Mississippi's second-highest elected official says that Mississippi needs to spend its money responsibly on "investments that matter" instead of focusing on more money to "do something for our kids" as other politicians urge.
Lt. Gov. Tate Reeves started by promising the Stennis Press Forum at the Capital Club Monday that he was going to talk policy—not politics. He spoke in a calculated way, reading from his notes and emphasizing words with the cadence of a robot as he extolled the virtues of charter schools and vouchers, and said he would work to stop Common Core in the state.
Reeves focused his speech on education, but started by saying that when Mississippians are asked what the state should prioritize, the answer is always job creation. Creating jobs, Reeves said, requires two ingredients: a balanced budget and a strong workforce.
"Those two things are not mutually exclusive," Reeves said. "Too often politicians have come here ... and told you that we had to spend more money ... because we had to do something for our kids. I believe we're on a path in Jackson to be responsible with our money and spend it on investments that matter."
Reeves said the state has increased education spending by a quarter of a billion dollars in the past three years—but the Legislature has still shorted the Mississippi Adequate Education Program of those years. State law requires that MAEP be fully funded each year in order to ensure that all public schools in the state get at least "adequate" education funding.
Reeves touted the third-grade reading gate, a $3,000 teacher pay raise starting in July 2015, and future efforts for school vouchers, citing the special-education savings account bill that failed last year. He also cited the new charter-school law, which he said "allows those schools to open where parents want better opportunities for their children."
"One of the reforms of which I am most proud is the one that provides parents with a say in their children's education," Reeves said. "The (charter-school) law isn't exactly what I wanted. But it's a good start to true choice in education."
Reeves said he will push for "school choice" in the 2015 legislative session, especially for special-needs students, who he said have a graduation rate of just over 20 percent, and greater investment in public schools.
"At this point, revenues appear strong, and based on the first five months of this fiscal year, I believe we will be in a position to significantly increase education funding, including MAEP, in the 2015 legislative session. My goal for next year's budget, is to have appropriated more money for Mississippi's public education than ever before in the history of our state," Reeves said.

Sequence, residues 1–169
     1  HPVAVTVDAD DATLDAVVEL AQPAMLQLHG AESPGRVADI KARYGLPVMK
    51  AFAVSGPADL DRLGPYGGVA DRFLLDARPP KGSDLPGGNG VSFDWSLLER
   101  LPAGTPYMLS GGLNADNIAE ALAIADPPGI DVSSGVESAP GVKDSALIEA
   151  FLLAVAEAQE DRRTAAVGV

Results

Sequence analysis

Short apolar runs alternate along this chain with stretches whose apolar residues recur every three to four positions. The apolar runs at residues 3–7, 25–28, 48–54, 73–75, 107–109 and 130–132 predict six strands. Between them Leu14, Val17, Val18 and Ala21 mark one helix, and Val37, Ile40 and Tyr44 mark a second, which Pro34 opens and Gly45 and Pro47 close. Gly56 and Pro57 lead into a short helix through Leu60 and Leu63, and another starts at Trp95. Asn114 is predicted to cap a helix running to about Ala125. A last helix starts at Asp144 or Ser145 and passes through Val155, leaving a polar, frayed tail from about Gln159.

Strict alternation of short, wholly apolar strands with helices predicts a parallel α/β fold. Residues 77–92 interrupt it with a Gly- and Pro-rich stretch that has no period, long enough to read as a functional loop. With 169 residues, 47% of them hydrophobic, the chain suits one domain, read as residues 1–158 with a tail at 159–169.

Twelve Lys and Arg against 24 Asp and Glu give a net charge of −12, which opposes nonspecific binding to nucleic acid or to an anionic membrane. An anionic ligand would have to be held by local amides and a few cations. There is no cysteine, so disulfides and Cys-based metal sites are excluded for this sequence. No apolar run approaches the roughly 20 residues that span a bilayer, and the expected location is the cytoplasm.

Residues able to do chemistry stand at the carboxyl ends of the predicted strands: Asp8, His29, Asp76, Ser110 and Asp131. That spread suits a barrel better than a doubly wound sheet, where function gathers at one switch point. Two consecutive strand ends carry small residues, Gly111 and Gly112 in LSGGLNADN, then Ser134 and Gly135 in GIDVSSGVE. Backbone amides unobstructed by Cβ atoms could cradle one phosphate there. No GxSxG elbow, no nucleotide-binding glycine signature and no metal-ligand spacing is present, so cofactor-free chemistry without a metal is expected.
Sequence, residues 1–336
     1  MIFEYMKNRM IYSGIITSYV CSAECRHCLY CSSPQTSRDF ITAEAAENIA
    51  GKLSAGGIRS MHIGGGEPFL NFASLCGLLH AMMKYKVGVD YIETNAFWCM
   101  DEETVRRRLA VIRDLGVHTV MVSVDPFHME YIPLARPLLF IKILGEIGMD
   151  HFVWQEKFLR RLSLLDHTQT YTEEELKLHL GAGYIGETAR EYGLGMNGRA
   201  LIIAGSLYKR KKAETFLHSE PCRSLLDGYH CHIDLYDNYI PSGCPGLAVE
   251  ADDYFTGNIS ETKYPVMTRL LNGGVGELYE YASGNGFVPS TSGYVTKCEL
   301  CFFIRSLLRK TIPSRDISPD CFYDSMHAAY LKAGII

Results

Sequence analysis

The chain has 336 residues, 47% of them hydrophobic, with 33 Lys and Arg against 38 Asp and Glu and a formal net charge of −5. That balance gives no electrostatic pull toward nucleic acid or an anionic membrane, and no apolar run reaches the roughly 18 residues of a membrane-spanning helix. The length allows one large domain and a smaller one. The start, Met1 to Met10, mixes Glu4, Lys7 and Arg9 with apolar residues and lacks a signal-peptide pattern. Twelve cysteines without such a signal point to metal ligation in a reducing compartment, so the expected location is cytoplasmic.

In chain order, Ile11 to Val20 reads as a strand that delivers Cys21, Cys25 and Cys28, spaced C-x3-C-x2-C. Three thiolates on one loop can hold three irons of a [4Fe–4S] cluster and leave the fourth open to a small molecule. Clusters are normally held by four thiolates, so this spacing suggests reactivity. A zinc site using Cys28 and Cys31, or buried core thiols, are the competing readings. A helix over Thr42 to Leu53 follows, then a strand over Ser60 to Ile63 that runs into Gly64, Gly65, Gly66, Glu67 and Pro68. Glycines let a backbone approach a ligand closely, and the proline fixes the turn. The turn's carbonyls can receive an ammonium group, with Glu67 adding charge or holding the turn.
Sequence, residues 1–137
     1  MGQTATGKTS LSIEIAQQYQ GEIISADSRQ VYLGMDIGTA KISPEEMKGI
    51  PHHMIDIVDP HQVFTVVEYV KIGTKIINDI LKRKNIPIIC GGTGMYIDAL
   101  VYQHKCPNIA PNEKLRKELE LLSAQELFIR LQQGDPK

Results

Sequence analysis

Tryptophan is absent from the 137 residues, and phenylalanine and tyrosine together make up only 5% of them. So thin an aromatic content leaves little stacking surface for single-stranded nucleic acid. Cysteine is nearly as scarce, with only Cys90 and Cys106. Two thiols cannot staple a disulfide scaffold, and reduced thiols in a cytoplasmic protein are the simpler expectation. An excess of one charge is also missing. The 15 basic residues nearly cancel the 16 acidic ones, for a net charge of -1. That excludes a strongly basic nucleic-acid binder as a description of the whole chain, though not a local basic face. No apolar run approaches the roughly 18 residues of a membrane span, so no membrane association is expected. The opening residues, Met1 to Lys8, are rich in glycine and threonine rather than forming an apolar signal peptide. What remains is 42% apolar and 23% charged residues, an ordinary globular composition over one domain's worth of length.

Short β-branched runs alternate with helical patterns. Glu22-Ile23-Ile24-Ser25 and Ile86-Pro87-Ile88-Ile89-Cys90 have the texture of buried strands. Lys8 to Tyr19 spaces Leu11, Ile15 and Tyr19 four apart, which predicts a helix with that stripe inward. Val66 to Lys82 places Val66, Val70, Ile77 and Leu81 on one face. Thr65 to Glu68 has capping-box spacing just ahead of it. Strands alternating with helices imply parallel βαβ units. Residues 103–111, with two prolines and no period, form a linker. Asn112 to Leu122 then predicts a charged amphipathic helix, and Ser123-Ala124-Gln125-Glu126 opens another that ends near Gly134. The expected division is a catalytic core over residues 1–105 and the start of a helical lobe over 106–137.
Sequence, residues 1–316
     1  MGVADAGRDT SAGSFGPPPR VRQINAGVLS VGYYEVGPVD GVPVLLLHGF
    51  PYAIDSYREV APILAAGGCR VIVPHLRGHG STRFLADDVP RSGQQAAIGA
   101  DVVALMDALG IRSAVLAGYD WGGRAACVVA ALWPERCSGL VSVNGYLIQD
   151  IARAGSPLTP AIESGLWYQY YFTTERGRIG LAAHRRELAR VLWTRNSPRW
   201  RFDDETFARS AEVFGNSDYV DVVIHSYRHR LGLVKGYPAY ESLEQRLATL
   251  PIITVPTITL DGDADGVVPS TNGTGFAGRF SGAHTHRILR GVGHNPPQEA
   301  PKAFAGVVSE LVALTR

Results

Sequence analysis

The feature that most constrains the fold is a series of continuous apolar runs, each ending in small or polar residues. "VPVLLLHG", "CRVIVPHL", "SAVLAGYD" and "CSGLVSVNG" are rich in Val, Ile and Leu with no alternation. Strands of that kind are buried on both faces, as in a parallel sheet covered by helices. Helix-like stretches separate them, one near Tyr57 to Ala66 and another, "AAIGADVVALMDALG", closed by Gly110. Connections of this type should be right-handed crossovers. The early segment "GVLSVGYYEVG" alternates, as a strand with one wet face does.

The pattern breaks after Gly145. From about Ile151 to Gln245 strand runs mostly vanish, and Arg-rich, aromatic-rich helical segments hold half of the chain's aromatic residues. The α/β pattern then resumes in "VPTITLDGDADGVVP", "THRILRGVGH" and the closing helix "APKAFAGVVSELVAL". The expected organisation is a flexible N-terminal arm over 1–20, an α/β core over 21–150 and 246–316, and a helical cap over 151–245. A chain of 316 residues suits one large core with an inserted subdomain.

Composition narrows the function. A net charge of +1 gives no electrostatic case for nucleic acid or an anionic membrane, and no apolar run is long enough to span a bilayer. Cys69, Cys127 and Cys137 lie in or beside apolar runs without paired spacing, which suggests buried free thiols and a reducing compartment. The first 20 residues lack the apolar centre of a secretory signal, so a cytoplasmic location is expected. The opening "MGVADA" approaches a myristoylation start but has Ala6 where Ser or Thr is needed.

Reeves raised eyebrows in the room when he began to talk about his disapproval of Common Core, which he believes is an overreach by the federal government. "What started as a state-led initiative has been hijacked by the Obama administration," Reeves said.
"I will support legislation in the next session to end Common Core in our state, but it is not enough to just be against Common Core," Reeves said.
Reeves said he plans to help form a task force made up of parents, teachers, administrators and subject-matter experts to create a set of standards for students. "I will challenge this task force to present a plan that aims high," Reeves said.
He said he wants the testing standards to focus on measuring how well students think and not rely on rote memorization, which Common Core standards reject.
A joint statement released by State Board of Education Chairman Dr. John Kelly and State Superintendent of Education Dr. Carey Wright after the form urged concern about "changing the playbook in the middle of the game" when it comes to educational standards.
Getting rid of the current system adopted in 2010, Kelly and Wright say, would be difficult and expensive. Plus, they reject the idea that the standards they have implemented are a result of government overreach.
"We understand that the term 'Common Core' has become a lightning rod in some political circles, and as a result, has become attached to an unprecedented level of misinformation," the statement reads.
Grant Callen from Empower Mississippi said he enjoyed Reeves' presentation, adding that "school choice" should be a priority.
Patsy Brumfield from Better School Better Jobs characterized the 40-minute talk, coincidentally, as a political speech. The fact that Reeves said the state would fund public schools more than ever before, she notes, isn't saying much, considering the state has been underfunding public schools almost every year in its history.
"It wouldn't take much," Brumfield said, to give more money to schools than the state has in the past.